AND NOW FOR SOME OF WHAT IS HEARD AT THE FRONT DESK, EITHER ON THE TELEPHONE OR IN PERSON (UNFORTUNATELY, IN MONTY PYTHON TERMS, IT IS NOT “TIME FOR SOMETHING COMPLETELY DIFFERENT,” BECAUSE THESE ARE NOT UNIQUE)

My dog ate my prescription.

My Vicodin fell in the toilet

My pills fell on the floor and the cat peed all over them.

I met a nice guy in a bar, so I took him home and he had no right to look in my medicine cabinet, but he did, and then I realized he stole all my pills.

My jeans were tight and I reached into my pocket to pull out my pill bottle and all the pills rolled out and I was in line at Kmart and everybody stepped all over them.

When I got out of the car, my purse was open and the car started to roll and crushed all my pills.

I have to talk to the doctor immediately, this second.  I finished my last blood pressure pill yesterday and she has to call it in right now because I am waiting at the pharmacy and I have no time to sit around because I’m supposed to go to lunch with my best friend, and we want to make a movie…so you have to get her right away…I am waiting.  And I need my medicine.  So tell her to hurry up.

And, of course, there is the patient who calls every half hour to review his/her lab work.  And each time this person calls, she/he is told that the doctor is returning calls after five and the message is on the doctor’s desk. Yet this patient keeps calling all day…all day….all day….

Welcome to the World of the Front Desk where it is always High Noon.

~~

Read Doctor Curmudgeon as she talks about “Yes Virginia, there is still joy in medicine.”

Bio:

Diane Batshaw EismanDoctor Curmudgeon is Diane Batshaw Eisman MD, FAAFP, a Family Physician, writer, voiceover artist, and medical educator. It was in the Neolithic Era that the doctor became renowned for expertise in Trephination. After so much time in practice, Doctor Curmudgeon is now cranky and has rightfully earned the honorific of “Curmudgeon.”

Doctor Curmudgeon has no idea of what will appear in this space. It depends on the Good Doctor’s mood and whatever shamans and doctors are channeled at the moment.

As a curmudgeon, I may stray from what I observe happening in medicine and slink into other areas. But that is the prerogative of a Curmudgeon.  Please check out my first book, “No Such Agency.”

 

How Doctors Die: Only 7% Choose Extraordinary Measures

how doctors die poll

A doctor moves with precision in the ER, attempting to keep death at bay with heroic measures for a struggling patient.  On another hospital floor a patient in the palliative ward quietly sighs his last breath, his family at his side.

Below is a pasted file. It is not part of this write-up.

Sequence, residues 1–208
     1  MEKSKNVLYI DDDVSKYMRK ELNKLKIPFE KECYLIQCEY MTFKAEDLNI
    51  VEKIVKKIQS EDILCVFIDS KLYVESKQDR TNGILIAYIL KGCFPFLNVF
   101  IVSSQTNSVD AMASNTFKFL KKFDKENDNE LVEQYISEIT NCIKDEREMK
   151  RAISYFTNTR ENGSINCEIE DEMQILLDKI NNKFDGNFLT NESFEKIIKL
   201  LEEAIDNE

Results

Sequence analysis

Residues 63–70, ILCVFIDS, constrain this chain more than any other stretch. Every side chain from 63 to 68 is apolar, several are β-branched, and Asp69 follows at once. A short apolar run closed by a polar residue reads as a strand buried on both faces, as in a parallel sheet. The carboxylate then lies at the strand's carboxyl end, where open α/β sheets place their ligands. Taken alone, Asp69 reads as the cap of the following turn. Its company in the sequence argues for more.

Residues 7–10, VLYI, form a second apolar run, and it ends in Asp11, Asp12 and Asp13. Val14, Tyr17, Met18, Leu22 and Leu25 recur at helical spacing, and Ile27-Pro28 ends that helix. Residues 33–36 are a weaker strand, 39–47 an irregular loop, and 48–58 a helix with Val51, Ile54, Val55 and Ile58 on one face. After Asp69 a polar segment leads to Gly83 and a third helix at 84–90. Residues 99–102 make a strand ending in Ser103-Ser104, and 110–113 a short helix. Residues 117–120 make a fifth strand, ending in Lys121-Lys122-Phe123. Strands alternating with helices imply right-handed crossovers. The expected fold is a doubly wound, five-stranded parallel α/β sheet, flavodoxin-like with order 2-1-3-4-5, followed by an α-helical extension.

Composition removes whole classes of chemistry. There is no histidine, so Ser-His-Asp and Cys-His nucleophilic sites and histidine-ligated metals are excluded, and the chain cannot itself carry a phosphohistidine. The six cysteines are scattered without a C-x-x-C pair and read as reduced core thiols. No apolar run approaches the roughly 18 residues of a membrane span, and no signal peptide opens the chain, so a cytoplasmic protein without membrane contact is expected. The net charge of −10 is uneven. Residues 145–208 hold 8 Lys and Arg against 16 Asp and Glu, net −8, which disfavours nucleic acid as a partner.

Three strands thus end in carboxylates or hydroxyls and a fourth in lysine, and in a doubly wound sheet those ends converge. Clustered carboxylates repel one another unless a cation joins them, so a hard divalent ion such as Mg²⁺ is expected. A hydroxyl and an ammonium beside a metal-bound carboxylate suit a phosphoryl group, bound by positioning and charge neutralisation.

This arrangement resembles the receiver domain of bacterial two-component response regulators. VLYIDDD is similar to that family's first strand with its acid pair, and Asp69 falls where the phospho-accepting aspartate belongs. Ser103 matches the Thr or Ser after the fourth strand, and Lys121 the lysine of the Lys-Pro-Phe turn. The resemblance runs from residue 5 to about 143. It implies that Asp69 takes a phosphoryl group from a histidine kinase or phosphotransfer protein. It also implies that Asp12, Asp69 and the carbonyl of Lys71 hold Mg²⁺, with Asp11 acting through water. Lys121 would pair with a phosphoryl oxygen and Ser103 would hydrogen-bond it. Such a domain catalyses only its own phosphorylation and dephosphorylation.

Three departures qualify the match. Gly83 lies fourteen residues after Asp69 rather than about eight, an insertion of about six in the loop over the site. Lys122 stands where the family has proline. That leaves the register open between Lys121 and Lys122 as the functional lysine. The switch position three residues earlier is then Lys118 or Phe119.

Death.  What our doctors decide for themselves often differs from the care patients receive.  In fact, far more would choose the palliative ward over heroic measures. Should we follow their lead?

Our Sermo Physician Poll conducted this month asked, “if faced with terminal illness, what treatment options would you choose?” A small number, only seven percent, said they would choose extraordinary measures. An even stronger vote for less invasive care, 39 percent of doctors said they would sign DNR orders (do not resuscitate).

A separate study, published in PLOS ONE recently, concurs. About 88 percent of the doctors said they would want a DNR for themselves.

A CDC study, published in JAMA, tracking the death of Medicare patients, shows a different set of numbers. As of 2009:

  • 53.8 percent of patients died in either acute care hospital or an intensive care unit
  • 42.2 percent died in hospice care

However, 28.4 percent of patients were in hospice care for three days or less.   This might reflect both cost-saving measures by hospitals and requests from patients and their families.

Palliative Care vs. Hospice Care

Palliative care happens at any stage of illness and focuses on relieving symptoms that are related to chronic illness such as cancer, cardiac disease or AIDS. Hospice care is similar to palliative care except that it focuses on end of life comfort and control of symptoms. Hospice care can only be given in most circumstances after a doctor verifies the patient is terminal with a life expectancy of less than six months.

What We Can Learn From Physicians

We discussed how doctors die last fall and showed that palliative care at the end of life not only eases suffering, but seems to prolong life more than aggressive medical care.

Not only can palliative care extend life beyond expectations, researchers also found the family suffered less, with shorter time periods for grieving and less depression after a loved one died with palliative or hospice care.

“Once we’ve done this for a while and seen outcomes, we become comfortable with what is possible … and what is not,” wrote one physician inside the Sermo community.

A rural family practitioner wrote, “At first I thought it was mostly from patients simply not hearing what they didn’t want to hear, but then I started seeing too many sensible ones I had known for years who did not realize they or their family members were terminally ill until I told them … patients and their families need and deserve an honest appraisal of their situation. Some can deal with it better than others, but all should be afforded the chance to know what we would do were we or our family the one in their situation.”